Billings is Tennis

by Paige Darden
Past President of the Billings Tennis Association

Tennis is thriving in Billings, Montana. Last year, the United States Tennis Association (USTA) named Montana one of the fastest growing states for tennis. USTA-Montana attributed that growth largely to the increased participation numbers they are seeing here in Yellowstone County.

From 6 year olds on up, beginners to advanced, at every age and level in between, the Billings tennis community is diverse, fun and welcoming. Tennis is a sport that can be played throughout a lifetime. “Every day I have parents come in to sign their kids up for lessons, and then decide that they want to pick up the sport again, too,” said Becky King, who manages the Elks Tennis Center (ETC). “We love it when we see parents and their children learning and playing together.”

The Elks Tennis Center, with support from the Billings Tennis Association (BTA), provides leagues, lessons, socials, and tournaments year-round for every level of play. The Center is centrally located on Lewis Avenue between 8th Avenue and 13th Avenue, and has four state-of-the-art, cushion-surfaced courts. It’s open 7 days a week and employs three United States Professional Tennis Association (USPTA)-certified teaching professionals to provide private and group lessons, doubles clinics, cardio classes and more. The Elks also sells clothes, shoes and equipment, including the latest racquets and clothing lines being used on the professional tour. There are youth lessons and clinics for all levels of play every day after school and even a class for home-schooled students during the day. Membership for an individual is less than $100 a month for unlimited court time. Non-members can participate in lessons and some social events without having a membership.

In the summer, lessons are available through the Billings Parks and Recreation on our outdoor public courts. There are nearly 30 public outdoors courts in Billings, with the most popular being Pioneer Park, Rose Park, Central, North Park and Castle Rock. The courts at Castle Rock and the Upper Pioneer Park courts were recently rebuilt and both are ADA accessible, and have one court that includes the USTA 10 and Under lines designed to help younger players learn on a smaller court.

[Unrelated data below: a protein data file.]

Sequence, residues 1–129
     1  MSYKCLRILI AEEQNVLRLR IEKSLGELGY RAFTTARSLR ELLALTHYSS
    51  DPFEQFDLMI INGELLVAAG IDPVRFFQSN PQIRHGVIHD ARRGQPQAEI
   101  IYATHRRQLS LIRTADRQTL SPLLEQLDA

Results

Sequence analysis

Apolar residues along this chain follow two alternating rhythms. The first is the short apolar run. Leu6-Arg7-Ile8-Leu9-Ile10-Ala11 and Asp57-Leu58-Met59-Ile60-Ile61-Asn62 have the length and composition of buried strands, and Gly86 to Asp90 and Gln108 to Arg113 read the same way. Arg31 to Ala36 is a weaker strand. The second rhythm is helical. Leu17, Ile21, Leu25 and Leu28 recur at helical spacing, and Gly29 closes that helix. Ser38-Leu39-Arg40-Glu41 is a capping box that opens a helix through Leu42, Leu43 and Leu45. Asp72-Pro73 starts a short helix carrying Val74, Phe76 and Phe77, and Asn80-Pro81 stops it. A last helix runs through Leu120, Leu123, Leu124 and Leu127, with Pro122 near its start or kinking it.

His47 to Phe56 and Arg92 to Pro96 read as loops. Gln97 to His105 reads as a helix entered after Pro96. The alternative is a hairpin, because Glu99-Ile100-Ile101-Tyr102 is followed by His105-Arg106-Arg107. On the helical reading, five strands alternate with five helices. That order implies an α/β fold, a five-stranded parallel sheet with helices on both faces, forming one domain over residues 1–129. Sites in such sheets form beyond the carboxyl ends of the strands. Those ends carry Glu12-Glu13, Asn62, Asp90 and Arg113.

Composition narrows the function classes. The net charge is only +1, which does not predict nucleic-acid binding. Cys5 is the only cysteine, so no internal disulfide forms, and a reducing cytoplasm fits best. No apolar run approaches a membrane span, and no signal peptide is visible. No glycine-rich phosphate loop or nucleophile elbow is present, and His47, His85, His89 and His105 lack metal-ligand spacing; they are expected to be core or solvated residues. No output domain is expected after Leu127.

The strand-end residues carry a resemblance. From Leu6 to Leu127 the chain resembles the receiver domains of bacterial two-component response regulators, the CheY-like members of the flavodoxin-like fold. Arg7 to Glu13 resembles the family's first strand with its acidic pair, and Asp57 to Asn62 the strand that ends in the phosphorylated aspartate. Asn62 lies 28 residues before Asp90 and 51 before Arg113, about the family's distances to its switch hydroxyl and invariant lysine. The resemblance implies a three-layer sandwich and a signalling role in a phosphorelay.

Three years ago, the Billings Tennis Association, a non-profit organization that works to implement United States Tennis Association programming (leagues, tournaments, and lessons) in Billings, paid to have lights installed on the new Upper Pioneer Courts. The lighted courts are heavily used from April through October until 10 p.m. every night the weather permits. If the temperature outside is close to or above 50 degrees, it is comfortable to play outside. The lights are free to turn on and will automatically go off at 10 p.m. Night tennis has become a popular summer past-time for the more than 100 Billings’ teenagers who play high school tennis at Senior, West, Skyview and Central. On any given summer night, the courts are filled with teenagers continuing on the rivalry from the Spring school tennis season.

This Spring, the Elks and the Billings Tennis Association are working together to introduce a new adult social mixed doubles league. The league will run for six weeks from March 23rd to April 29th. Matches will be Friday night, Saturday or Sunday afternoons, with teams of six players competing against teams of their same level. The league rules will ensure players are partnered with teammates and opponents of similar ratings to ensure competitive, fun matches. Any adults interested in joining should contact the Elks to get signed up.

Billings plays host to several tennis tournaments for juniors and adults throughout the year, and many players from here travel to Bozeman, Great Falls, Missoula, Boise, Denver, Salt Lake and Las Vegas to compete. For a list of all junior and adult tournaments visit or

The Billings tennis community welcomes new players. Scholarships for lessons are available via the Billings Tennis Association as part of the USTA’s commitment to ensure that tennis is accessible and affordable to all potential players. To get involved, stop by the Elks to check on upcoming events or sign up for lessons. Or, one of the best ways to stay up on all tennis activities is to sign up for the Billings Tennis Association newsletter at or like the BTA facebook page and the Elks Tennis Center facebook page.

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